Kevin Mayer, the hard-charging executive who was one of the architects of Disney Plus, says sports-only streaming platforms have every chance of being viable. As chairman of DAZN, he now has a chance to prove his point.
The former TikTok CEO was speaking on Tuesday at APOS, the high-powered Asian media conference operated by consultancy Media Partners Asia. The consultancy recently charted a future where pay-TV firms, traditionally dependent on a mix of premium sports and entertainment, face serious challenges in mature markets such as Australia, but hang on in growth territories like India.
His APOS speech also came in the same week that a dozen soccer clubs proposed establishing their own European Super League. Mayer’s DAZN has denied being behind the hierarchy-disrupting proposal or even holding talks with the rebel clubs.
The secret to sports broadcast success, Mayer said, is a focus on the sports that fans most want to watch. In soccer-mad Italy, that means being able to serve up Serie 1 league games. In Japan, the requirement is to deliver baseball. He said that DAZN’s strategy in France, Spain and the U.K. consists of trying to grow with the rights that matter.
He described a “very focused” strategy of “concentric circles.” The bullseye in Europe and Asia is the local rights. The outer ring is those activities with global crossover. For DAZN, that global component is currently largely boxing.
Accordingly, Mayer said that DAZN’s success will need to be measured market by market. Success may require DAZN to become one of the two leading exploiters of rights in the target sports in each territory.
“There is nothing specific about an over-the-top service that is different than any other way to exhibit sports. Putting sports in front of sports fans is a highly profitable endeavor. No matter what the mechanism that is used, whether you are part of a pay-TV bundle, or whether you need to buy through a pay-TV bundle and the sports package is delivered via satellite, or you are buying a sports package with no buy-through entertainment product directly over the internet, those are all different flavors of the same thing,” said Mayer. “If you put it in front of audiences, in a high-quality way, with the right sports rights and market it, you can make a lot of money. It is delivery independent.”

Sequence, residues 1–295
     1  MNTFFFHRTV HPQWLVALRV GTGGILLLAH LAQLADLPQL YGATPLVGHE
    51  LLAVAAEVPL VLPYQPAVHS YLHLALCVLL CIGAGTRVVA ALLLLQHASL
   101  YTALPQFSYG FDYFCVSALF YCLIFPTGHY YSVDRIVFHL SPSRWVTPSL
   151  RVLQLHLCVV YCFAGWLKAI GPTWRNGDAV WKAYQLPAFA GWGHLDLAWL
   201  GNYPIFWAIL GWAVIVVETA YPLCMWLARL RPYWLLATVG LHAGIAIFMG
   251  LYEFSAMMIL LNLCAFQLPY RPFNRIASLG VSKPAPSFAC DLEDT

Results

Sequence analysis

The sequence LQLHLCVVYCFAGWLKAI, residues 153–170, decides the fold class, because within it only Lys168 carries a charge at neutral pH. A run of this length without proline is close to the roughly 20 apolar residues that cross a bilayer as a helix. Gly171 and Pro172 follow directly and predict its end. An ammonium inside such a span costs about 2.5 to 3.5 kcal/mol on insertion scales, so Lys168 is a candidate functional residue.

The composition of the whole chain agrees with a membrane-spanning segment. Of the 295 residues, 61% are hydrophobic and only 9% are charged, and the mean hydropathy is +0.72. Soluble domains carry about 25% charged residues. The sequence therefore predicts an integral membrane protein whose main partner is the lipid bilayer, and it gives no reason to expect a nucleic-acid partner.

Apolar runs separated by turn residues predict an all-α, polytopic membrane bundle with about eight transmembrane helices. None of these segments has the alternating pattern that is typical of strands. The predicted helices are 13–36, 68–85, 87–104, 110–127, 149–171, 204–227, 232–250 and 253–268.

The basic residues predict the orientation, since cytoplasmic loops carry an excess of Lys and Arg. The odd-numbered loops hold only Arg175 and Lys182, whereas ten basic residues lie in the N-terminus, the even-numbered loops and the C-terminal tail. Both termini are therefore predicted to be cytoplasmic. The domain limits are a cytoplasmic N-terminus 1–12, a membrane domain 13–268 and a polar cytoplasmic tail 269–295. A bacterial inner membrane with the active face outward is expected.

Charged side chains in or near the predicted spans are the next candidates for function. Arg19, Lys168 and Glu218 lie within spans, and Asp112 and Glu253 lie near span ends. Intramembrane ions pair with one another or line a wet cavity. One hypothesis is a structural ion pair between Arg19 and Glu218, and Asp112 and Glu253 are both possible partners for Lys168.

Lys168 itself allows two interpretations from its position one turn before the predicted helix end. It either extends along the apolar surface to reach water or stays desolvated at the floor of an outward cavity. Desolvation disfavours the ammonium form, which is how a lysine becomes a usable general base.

Mayer is also on the board of the Forest Road Company, a film financier and tax credit specialist, and a strategic advisor to Forest Road Acquisition Corp. (FRX), a special purpose acquisition company (SPAC) that recently announced a three-way merger to create at-home connected fitness platform trading under the ticker $BODY.
Mayer said that health and wellness are long-term mega-trends that have a $100 billion total addressable market, and are unlikely to be monopolized in a winner-takes-all scenario. Beachbody and Myx Fitness, component companies in the new corporation, Mayer said, have created video content with long shelf life. He said that it is difficult to make great content but described Beachbody’s 15-year catalog as “quite remarkable” and “a library of sustainable value.”
Expect more dealmaking from Mayer in social media, story-telling, music and entertainment, which he said are all “co-mingled.” But his next vehicle may not be U.S.-based.
“Entertainment and music have a bit of a center of gravity in the U.S. but more and more that center of gravity is becoming dispersed and local tastes are running very local. If you are going to be a relevant global footprint entertainment commerce music company, there has got to be real, substantial local operations. You can’t do it from the U.S. alone.”
Mayer saved his highest praise of the session, however, for TikTok and its parent company, China’s Bytedance, where he was employed last year for a few turbulent months.
“It is an astonishingly high-quality app, largely down to the technology they have, which is so unbelievably advanced. Their AI and machine-learning technologies are cutting edge. They are as good or frankly better than what we have in the west. They are geniuses,” said Mayer.
“To take that volume of video content, parse it in a way for the right audiences at the right time is remarkably complicated. If you don’t do it right, you just get a jumble of video you don’t care about. But to get something that learns your preferences as quickly as TikTok does is a quite remarkable technological feat.
Mayer also described TikTok “more as a social entertainment platform than a social media platform.”
“I noticed there that there is a high social commerce potential,” Mayer reflected. “Taking the relationship that influencers might build by virtue of great entertainment content…that has great resonance with their followers. That will grow substantially in the west as it already has in the east.”